“Once producers and directors consider the possibility of prosecution and the risk to their own futures, I think it could make them even more sensitive to the safety of their workers,” Goldman said.
On Feb. 20, members of the “Midnight Rider” crew were working on the film — about the life of rock singer Gregg Allman — in Wayne County, Ga. Crew members had been instructed to walk out on an old railroad trestle high above the Altamaha River and position a metal-frame bed on the tracks for a “dream sequence” scene.
The plan was for actor William Hurt, who was playing Allman, to lay on the bed positioned on the train tracks. Crew members had been told not to expect any more trains that day. But as they prepared for the scene, a train came racing toward them.
Crew members, including Jones, frantically struggled to pull their gear and the bed from the train tracks —but the train slammed into the bed. Jones was killed by flying metal shards and the train itself, according to witnesses and a police report.
Jones’ death became a rallying point for Hollywood’s production workers, who said it reflected how cost-cutting was putting safety at risk. Hundreds marched in a March candlelight vigil in Los Angeles to remember Jones. More than 50,000 people signed a Facebook petition demanding that Jones’ name be added to the Academy Awards “In Memoriam” tribute. The Academy displayed a photo of Jones during the telecast.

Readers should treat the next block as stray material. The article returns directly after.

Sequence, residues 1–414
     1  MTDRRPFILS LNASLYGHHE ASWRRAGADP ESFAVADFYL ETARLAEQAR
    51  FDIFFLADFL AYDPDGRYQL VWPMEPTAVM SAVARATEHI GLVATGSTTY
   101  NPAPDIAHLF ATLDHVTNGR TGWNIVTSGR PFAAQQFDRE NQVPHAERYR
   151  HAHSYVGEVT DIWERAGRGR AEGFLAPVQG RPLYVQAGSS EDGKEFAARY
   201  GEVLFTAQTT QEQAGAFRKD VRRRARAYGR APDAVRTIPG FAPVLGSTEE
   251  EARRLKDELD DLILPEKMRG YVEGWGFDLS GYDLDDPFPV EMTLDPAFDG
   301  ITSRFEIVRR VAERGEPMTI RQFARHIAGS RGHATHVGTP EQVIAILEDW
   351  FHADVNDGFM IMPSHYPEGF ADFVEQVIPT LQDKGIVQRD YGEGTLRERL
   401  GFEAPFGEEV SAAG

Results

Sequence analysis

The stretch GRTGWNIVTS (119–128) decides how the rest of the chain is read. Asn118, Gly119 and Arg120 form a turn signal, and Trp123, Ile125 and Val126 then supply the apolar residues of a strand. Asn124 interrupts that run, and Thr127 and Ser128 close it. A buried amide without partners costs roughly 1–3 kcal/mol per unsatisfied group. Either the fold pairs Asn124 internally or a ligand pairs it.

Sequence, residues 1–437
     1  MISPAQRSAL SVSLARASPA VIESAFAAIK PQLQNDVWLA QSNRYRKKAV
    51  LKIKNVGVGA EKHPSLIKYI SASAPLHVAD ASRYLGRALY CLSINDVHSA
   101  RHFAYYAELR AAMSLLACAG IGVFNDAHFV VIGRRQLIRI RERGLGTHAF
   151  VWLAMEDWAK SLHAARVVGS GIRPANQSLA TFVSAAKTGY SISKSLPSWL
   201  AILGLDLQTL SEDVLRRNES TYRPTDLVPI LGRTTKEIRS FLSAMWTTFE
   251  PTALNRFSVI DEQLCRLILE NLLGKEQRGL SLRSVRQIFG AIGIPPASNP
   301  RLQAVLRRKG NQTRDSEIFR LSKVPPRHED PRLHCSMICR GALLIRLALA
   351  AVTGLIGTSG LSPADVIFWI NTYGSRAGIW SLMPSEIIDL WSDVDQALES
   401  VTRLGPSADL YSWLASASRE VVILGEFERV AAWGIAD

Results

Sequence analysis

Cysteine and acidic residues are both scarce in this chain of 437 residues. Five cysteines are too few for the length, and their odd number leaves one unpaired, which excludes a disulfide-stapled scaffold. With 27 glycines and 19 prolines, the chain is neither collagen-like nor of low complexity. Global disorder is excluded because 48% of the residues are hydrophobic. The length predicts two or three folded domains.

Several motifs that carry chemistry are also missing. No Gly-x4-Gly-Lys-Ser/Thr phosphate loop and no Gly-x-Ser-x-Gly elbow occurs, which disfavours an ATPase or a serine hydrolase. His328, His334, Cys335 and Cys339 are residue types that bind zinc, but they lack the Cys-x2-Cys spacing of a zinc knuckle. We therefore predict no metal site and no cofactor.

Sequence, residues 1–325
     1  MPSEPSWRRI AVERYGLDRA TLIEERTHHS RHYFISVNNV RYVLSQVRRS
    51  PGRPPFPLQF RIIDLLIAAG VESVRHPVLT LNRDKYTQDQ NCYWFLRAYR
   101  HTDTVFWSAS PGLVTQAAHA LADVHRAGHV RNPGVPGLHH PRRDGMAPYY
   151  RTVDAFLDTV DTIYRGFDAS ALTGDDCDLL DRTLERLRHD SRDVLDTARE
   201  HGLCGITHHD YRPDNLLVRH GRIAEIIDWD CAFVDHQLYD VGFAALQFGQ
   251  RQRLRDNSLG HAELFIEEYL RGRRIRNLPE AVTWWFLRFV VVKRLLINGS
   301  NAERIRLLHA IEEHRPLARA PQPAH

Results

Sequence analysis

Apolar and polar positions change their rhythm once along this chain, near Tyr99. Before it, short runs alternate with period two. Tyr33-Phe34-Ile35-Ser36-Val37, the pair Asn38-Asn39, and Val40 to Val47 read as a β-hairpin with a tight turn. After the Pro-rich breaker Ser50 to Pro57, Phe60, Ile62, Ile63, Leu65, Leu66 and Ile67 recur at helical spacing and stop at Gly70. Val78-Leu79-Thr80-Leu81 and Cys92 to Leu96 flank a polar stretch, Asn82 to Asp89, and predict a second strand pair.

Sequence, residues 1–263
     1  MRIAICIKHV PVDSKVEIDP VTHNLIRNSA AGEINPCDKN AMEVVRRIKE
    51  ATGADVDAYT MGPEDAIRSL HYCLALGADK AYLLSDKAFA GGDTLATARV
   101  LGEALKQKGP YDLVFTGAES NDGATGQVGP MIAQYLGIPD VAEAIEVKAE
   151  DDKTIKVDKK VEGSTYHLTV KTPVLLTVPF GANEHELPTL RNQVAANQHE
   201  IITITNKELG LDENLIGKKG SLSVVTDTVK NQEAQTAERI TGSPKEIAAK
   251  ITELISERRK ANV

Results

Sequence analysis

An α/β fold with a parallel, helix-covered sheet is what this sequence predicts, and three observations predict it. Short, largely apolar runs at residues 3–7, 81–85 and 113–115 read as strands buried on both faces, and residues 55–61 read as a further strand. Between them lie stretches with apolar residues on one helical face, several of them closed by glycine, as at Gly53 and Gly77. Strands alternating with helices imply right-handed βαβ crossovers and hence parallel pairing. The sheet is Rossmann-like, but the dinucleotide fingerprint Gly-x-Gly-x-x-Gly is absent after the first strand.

Since the accident, workers have lobbied union leaders to step up their efforts to ensure that other states adopt the same safety standards as California’s. The workers said that such requirements were particularly important on low-budget productions.
“Not a day goes by that we at Local 600 aren’t reminded of the tragic death of our sister and member Sarah Jones,” said Steven Poster, president of the International Cinematographers Guild, Local 600.
There have been other recent deaths on film and television sets. Last year, three people died during a shoot for a Discovery Channel show when a helicopter crashed in Acton. In 2012, a crew member on Walt Disney Studios’ “Lone Ranger” drowned while cleaning a water tank in preparation for filming an underwater sequence.
Jackie L. Johnson, the district attorney for Georgia’s Brunswick Judicial Circuit, said a Wayne County sheriff’s detective presented the case to the grand jury on Wednesday. The indictment was returned Thursday.
A spokeswoman for the district attorney’s office declined to comment further, saying the case was pending.
Karl Richter, a commercial director who has worked with companies including Capitol Records, Interscope and headphone company Skullcandy, said he is hopeful the indictments would force the film industry to reconsider safety rules, but he wasn’t sure that would actually happen.
“My concern is that the bottom line is the deciding factor when it comes down to pretty much everything,” he said. “I want to think that there is going to be change.”
Times staff writer Madeline O’Leary contributed to this report.